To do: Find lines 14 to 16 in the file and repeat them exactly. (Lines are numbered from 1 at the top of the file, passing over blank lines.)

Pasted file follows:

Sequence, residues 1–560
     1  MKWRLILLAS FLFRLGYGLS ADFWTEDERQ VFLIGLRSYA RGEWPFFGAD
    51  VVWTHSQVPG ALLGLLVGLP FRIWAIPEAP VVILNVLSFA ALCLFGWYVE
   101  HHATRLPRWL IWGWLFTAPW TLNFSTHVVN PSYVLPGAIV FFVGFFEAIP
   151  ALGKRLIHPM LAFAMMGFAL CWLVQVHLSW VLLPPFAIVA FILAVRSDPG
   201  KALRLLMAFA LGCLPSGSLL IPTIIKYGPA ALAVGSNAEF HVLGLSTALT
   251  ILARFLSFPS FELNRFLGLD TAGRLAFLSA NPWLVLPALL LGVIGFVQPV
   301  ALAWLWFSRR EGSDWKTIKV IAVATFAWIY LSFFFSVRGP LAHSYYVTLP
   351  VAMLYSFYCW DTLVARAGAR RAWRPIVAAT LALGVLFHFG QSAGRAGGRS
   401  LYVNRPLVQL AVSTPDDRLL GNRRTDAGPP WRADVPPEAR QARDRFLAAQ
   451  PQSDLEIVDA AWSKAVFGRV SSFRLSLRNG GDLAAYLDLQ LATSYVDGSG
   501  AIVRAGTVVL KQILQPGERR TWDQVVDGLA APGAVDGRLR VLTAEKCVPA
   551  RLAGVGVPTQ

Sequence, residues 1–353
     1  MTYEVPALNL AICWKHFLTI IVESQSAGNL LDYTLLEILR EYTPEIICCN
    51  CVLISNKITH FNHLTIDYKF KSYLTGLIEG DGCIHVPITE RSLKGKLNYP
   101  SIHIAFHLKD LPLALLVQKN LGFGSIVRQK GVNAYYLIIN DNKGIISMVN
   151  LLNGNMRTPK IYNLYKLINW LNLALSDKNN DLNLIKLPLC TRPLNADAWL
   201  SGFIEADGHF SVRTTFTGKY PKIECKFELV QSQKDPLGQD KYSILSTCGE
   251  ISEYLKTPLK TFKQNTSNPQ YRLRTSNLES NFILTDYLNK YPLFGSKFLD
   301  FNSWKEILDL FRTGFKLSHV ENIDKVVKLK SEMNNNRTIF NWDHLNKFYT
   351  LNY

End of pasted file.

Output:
Sequence, residues 1–353
     1  MTYEVPALNL AICWKHFLTI IVESQSAGNL LDYTLLEILR EYTPEIICCN
    51  CVLISNKITH FNHLTIDYKF KSYLTGLIEG DGCIHVPITE RSLKGKLNYP